Respondent contends that common ownership must be by other than the federal government in order to satisfy the second prong of the easement by necessity test. More recent cases, however, make it clear that this is not the case. (See State of Utah v. Andrus (D.Utah 1979) 486 F. Supp. 995, 1002.) An easement by necessity may exist across lands owned by the federal government. ( Kinscherff v. United States (10th Cir. 1978) 586 F.2d 159, 161.) Respondent then argues alternatively that there was insufficient evidence that the federal government was a common grantor of the parcels in question. Given our holding that there is no easement by necessity even if the federal government were the common grantor, we need not reach this issue.
Respondent maintains, however, that because the State of California and later The Regents had the power of eminent domain there was no strict necessity for an easement over the Walsh parcel. Respondent cites Leo Sheep Co. v. United States (1979) 440 U.S. 668 [59 L.Ed.2d 677, 99 S.Ct. 1403] in which the court found that an easement claimed by the federal government over land it had conveyed was "not actually a matter of necessity . . . because the Government has the power of eminent domain. Jurisdictions have generally seen eminent domain and easements by necessity as alternative ways to effect the same result. . . . For similar reasons other state courts have held that the `easement by necessity' doctrine is not available to the sovereign." ( Id. at pp. 670-680 [59 L.Ed.2d at pp. 680-686], fns. omitted.)
In response, appellants argue that State of Utah v. Andrus, supra, 486 F. Supp. 995 compels a different result. In Andrus the State of Utah and its lessee claimed that an easement by necessity existed over federal lands which surrounded the state-owned parcel. The United States had granted the parcel to the State of Utah under a state school land grant, by which the federal government granted lands to the states to use as a means of generating revenue for education. The court held that "[g]iven the rule of liberal construction [of legislation dealing with school trust land] and the Congressional intent of enabling the state to use the school lands as a means of generating revenue, the court must conclude that Congress intended that Utah (or its lessees) have access to the school lands. Unless a right of access is inferred, the very purpose of the school trust lands would fail. Without access the state could not develop the trust lands in any fashion and they would become economically worthless." ( State of Utah v. Andrus, supra, 486 F. Supp. at p. 1002.) The court found that an easement by necessity existed over the federal lands, noting that Leo Sheep did not apply because the State of Utah and its lessee did not have the power to condemn the federal land in question. ( State of Utah v. Andrus, supra, 486 F. Supp. at p. 1002, fn. 11.)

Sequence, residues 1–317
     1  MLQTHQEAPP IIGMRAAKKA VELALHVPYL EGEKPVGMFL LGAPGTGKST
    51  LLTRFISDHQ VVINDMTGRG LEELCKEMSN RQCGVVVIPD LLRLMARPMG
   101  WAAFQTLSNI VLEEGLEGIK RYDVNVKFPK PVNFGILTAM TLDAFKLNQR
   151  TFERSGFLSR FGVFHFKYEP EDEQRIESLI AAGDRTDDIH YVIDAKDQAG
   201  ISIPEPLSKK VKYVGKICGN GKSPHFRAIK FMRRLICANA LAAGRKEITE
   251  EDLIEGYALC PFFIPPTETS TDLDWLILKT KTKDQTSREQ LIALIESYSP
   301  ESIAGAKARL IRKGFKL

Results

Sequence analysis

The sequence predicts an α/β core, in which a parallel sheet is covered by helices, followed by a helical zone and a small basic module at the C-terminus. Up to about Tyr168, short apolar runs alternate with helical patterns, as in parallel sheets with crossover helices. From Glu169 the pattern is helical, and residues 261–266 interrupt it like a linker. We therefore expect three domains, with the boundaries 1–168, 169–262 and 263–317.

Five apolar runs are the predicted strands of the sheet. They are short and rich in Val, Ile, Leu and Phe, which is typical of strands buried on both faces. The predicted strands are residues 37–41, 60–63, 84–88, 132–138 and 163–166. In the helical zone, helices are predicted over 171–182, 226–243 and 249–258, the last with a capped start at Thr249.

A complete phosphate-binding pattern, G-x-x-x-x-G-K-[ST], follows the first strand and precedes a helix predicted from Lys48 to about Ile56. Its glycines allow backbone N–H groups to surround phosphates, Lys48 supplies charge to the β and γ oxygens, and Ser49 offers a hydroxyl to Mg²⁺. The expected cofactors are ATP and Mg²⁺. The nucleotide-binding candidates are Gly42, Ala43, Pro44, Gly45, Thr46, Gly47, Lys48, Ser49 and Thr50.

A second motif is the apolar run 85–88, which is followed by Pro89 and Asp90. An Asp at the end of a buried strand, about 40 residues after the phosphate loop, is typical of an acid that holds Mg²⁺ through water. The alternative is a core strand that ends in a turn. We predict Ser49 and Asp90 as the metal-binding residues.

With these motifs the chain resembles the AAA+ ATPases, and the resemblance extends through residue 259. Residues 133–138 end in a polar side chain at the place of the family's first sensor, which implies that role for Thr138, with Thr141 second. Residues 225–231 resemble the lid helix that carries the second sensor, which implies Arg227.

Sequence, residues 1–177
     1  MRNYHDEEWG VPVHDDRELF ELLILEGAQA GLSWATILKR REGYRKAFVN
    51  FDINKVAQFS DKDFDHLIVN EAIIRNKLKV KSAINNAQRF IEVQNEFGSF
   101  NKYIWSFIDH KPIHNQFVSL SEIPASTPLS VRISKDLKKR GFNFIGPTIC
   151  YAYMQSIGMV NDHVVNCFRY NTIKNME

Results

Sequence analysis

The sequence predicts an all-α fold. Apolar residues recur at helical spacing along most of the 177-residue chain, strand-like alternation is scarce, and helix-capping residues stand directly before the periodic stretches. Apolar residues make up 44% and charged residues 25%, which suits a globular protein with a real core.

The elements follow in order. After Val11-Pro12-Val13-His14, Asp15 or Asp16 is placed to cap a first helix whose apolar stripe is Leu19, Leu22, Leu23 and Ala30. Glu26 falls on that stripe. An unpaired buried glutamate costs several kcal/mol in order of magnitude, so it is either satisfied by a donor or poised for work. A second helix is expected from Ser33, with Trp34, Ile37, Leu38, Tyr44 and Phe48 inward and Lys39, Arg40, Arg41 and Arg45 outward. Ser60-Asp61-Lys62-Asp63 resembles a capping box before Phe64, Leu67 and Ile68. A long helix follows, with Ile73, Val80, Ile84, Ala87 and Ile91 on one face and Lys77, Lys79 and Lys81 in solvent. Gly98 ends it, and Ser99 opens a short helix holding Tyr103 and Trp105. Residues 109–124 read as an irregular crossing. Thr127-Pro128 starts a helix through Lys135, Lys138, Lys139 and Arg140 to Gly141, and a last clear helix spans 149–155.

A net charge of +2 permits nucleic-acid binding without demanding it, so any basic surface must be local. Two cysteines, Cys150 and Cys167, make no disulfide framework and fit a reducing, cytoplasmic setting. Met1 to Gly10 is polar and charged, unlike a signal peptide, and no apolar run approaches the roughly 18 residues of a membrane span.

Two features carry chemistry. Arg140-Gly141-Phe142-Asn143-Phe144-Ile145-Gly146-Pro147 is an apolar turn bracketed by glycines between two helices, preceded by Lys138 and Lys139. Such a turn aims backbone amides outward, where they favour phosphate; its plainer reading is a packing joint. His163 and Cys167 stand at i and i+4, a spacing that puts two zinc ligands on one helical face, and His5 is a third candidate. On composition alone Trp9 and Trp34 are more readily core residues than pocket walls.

Contrary to appellants' contention, neither Andrus nor the cases cited therein set forth an implied easement theory unique to school land grants. Additionally, appellants' claim that Andrus mandates an easement over respondent's land because otherwise the land would be economically useless, in contravention of the purpose of the school land grants, is belied by the fact that The Regents were able to sell the land in question pursuant to a public bidding process without any claim or warranty of access, and there were nine bidders. (See Lake Pleasant Group v. U.S. (1994) 32 Fed.Cl. 429, 440.)
Appellants' reliance on Andrus is misplaced. In 1873, the Moores parcel was transferred to the State of California by the United States, and what is now the Walsh parcel was owned by the United States. As in Andrus, the state presumably could not have exercised its power of eminent domain against the federal government. However, even if a right to an easement by necessity arose in 1873, such an easement "only continues while the necessity exists." ( Lichty v. Sickels (1983) 149 Cal.App.3d 696, 699 [ 197 Cal.Rptr. 137]; see Carey v. Rae (1881) 58 Cal. 159, 163; Daywalt v. Walker (1963) 217 Cal.App.2d 669, 676-677 [ 31 Cal.Rptr. 899].) When the claimed servient tenement owned by the federal government was later transferred to private owners, any easement by way of necessity was extinguished because the state could then exercise its power of eminent domain. Thus, when appellants purchased the property from The Regents they acquired no easement over the Walsh parcel because The Regents had no easement to convey.
The judgment is affirmed.
Chin, P.J., and Parrilli, J., concurred.
A petition for a rehearing was denied October 23, 1995.